Candide

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Candide Chapter 8 Summary & Analysis

Summary
Analysis
After Candide finishes telling his story, Cunégonde tells Candide what has happened to her. When the attack on Thunder-ten-tronckh took place, she was asleep in bed. A Bulgarian soldier began raping her, and cut her on the left side when she resisted. While this was happening, the soldier's superior officer entered the room and killed him, not for raping Cunégonde, but for failing to properly salute. After that, the Bulgarian Captain took Cunégonde into captivity.
The soldier's lack of respect for his superior seems like a trivial crime in comparison with his brutal violation of Cunégonde. Nevertheless, the Captain kills the soldier merely for refusing to salute. Military hierarchy is made to look ridiculous. And Cunégonde continues to be abused by nearly every man she encounters
Themes
The Enlightenment and Social Criticism Theme Icon
Love and Women Theme Icon
The Bulgarian Captain sold Cunégonde to Don Issachar, a Jew, who took her to live in his country house—the very house where Cunégonde is telling this story to Candide. One day at mass, the Grand Inquisitor took a liking to Cunégonde, and attempted to bargain with Don Issachar for her. When he refused to trade her, the Inquisitor threatened him with an auto-da-fé. Eventually, they came to an agreement to share her.
The constant exchange of Cunégonde—which continues through the novel—underscores the treatment of women as property. The Inquisitor's threat of an auto-da-fé against Don Issachar is an example of the hypocrisy and abuse of power by church figures in the novel. The Grand Inquisitor is supposed to be a man who does not have sexual relations with women. Yet here he is threatening an official religious killing just to force Don Issachar to give him Cunégonde.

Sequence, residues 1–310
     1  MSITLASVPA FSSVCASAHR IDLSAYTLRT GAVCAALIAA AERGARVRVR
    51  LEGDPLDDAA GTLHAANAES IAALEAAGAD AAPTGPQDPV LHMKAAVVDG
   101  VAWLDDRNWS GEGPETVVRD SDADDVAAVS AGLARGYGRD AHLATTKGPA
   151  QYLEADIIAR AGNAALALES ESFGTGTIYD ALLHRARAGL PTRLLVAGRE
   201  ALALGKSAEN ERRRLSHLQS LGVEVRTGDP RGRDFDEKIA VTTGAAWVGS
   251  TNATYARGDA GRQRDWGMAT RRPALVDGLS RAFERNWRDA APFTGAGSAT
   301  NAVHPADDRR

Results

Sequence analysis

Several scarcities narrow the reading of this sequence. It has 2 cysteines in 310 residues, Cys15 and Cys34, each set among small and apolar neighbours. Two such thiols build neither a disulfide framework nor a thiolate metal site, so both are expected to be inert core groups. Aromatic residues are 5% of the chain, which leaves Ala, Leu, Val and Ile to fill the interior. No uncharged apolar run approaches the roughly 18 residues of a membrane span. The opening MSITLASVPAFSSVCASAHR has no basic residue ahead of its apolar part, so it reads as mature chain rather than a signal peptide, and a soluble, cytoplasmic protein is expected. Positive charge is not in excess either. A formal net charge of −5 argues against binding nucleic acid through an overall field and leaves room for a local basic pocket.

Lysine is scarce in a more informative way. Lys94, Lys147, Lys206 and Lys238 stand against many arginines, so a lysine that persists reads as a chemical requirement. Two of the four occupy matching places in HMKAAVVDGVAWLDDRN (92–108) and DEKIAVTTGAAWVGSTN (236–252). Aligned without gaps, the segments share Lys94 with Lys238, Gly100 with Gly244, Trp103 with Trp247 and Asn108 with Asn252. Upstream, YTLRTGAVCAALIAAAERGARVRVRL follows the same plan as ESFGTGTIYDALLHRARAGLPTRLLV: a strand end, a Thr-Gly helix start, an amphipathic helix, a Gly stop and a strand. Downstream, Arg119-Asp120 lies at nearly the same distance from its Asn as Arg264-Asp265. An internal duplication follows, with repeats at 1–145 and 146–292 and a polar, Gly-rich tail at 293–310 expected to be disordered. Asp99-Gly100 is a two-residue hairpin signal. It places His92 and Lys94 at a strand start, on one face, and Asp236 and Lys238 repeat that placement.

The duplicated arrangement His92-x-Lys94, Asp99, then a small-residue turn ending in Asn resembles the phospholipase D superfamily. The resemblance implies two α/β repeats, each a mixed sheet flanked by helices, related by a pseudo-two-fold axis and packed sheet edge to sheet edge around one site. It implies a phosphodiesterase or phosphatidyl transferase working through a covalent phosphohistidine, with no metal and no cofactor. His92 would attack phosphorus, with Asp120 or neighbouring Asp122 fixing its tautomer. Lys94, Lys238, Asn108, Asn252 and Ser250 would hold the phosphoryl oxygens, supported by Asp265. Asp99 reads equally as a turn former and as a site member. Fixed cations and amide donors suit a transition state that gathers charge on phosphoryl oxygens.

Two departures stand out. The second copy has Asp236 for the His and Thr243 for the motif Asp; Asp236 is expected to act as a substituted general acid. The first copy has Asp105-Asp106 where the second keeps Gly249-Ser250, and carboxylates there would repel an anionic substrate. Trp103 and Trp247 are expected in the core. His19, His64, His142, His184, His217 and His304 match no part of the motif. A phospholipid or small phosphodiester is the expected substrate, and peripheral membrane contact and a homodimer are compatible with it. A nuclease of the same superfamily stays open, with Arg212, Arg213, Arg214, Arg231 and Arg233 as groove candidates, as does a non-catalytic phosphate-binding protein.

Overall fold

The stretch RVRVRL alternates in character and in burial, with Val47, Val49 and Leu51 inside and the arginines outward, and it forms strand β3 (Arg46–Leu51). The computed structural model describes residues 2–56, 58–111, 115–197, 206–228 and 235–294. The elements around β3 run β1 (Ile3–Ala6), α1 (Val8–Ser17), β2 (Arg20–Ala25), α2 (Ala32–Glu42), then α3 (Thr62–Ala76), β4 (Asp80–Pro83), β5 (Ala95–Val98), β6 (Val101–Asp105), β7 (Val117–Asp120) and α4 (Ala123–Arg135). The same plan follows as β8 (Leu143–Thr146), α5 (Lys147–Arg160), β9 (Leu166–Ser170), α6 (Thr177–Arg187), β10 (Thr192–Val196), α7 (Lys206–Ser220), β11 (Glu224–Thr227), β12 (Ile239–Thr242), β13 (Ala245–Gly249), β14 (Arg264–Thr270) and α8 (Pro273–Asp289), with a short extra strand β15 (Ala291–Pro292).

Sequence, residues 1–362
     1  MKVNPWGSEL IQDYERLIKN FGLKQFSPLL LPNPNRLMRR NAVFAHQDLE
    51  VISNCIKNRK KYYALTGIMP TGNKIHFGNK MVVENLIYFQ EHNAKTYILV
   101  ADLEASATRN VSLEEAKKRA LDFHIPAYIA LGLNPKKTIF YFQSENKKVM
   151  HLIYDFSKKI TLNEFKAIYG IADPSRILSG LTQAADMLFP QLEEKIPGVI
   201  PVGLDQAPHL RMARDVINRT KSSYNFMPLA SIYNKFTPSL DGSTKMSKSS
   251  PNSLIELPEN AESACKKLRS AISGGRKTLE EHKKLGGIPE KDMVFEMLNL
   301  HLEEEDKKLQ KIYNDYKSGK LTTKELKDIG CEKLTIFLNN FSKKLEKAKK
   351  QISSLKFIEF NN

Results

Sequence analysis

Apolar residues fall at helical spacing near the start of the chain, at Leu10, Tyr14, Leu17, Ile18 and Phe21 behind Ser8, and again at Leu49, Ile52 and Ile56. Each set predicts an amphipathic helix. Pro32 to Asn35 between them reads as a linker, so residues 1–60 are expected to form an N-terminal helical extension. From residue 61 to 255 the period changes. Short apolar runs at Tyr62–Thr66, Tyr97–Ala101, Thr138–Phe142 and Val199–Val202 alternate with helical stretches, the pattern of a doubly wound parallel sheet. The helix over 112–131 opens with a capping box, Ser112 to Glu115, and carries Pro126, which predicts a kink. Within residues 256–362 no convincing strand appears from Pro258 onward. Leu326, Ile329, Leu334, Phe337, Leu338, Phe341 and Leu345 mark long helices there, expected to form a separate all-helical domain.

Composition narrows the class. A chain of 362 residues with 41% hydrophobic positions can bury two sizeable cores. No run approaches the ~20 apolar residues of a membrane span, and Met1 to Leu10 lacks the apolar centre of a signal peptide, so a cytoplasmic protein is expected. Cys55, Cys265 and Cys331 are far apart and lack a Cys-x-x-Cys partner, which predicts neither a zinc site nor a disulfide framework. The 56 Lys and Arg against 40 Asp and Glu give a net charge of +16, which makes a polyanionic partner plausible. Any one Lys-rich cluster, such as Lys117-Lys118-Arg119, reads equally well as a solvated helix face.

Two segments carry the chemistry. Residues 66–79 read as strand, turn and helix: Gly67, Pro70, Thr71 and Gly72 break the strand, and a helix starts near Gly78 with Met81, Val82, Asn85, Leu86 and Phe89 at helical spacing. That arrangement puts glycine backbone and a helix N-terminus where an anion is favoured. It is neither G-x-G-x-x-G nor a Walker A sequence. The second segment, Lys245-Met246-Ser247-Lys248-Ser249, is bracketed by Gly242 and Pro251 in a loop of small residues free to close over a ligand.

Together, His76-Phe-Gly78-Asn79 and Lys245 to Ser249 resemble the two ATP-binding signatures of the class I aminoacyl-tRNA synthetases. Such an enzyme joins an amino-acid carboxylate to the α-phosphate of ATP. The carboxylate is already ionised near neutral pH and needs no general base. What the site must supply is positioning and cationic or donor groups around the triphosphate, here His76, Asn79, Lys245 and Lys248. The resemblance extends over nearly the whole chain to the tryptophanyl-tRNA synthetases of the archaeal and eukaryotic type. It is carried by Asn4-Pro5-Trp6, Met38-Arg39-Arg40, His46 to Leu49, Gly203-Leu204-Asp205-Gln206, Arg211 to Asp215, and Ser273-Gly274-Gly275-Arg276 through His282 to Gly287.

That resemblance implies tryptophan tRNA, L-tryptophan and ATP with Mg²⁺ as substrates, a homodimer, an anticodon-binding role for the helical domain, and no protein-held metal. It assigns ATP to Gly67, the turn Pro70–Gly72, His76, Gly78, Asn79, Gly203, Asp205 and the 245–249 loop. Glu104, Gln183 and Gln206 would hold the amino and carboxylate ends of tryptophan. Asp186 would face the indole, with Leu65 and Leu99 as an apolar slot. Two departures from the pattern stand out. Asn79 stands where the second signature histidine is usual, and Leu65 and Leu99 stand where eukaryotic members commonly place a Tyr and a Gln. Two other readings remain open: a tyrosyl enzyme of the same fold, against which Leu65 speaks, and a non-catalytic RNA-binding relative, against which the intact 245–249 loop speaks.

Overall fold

Themes
The Enlightenment and Social Criticism Theme Icon
Love and Women Theme Icon
On the day of the auto-da-fé, the Grand Inquisitor brought Cunégonde to watch. When she saw Pangloss executed and Candide whipped, she cried out in horror. Later, she arranged for the old woman to look for Candide and bring him to her. There, Cunégonde concludes her story, and just as she does, Don Issachar arrives.
Don Issachar's sudden arrival at the end of Cunégonde's story is an instance of something that happens often in Candide: a swift reversal after every success or reunion. This is one aspect of the novel’s comically fast pacing.
Themes
Optimism and Disillusion Theme Icon
The Enlightenment and Social Criticism Theme Icon
Love and Women Theme Icon